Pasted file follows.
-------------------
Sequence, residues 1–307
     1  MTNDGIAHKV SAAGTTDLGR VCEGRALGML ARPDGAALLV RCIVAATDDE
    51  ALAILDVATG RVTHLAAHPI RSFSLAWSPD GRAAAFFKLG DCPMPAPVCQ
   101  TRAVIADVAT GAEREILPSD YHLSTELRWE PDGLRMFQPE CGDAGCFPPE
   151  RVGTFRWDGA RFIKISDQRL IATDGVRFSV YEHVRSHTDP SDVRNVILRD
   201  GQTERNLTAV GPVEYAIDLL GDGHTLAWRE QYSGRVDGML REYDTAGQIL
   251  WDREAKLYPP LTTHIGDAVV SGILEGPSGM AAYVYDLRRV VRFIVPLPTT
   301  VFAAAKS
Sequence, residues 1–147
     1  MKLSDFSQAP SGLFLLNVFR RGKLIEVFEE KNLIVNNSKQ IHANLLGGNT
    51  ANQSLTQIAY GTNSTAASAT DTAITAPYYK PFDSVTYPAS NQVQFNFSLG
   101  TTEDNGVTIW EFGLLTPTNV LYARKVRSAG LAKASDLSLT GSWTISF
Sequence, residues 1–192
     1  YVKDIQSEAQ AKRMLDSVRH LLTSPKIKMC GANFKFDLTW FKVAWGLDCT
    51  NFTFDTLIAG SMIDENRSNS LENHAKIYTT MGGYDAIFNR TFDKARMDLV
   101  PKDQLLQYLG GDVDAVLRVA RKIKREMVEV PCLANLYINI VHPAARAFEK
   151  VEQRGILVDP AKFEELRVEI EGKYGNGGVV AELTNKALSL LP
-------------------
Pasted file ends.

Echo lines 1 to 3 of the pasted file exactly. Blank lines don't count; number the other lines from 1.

Sequence, residues 1–307
     1  MTNDGIAHKV SAAGTTDLGR VCEGRALGML ARPDGAALLV RCIVAATDDE
    51  ALAILDVATG RVTHLAAHPI RSFSLAWSPD GRAAAFFKLG DCPMPAPVCQ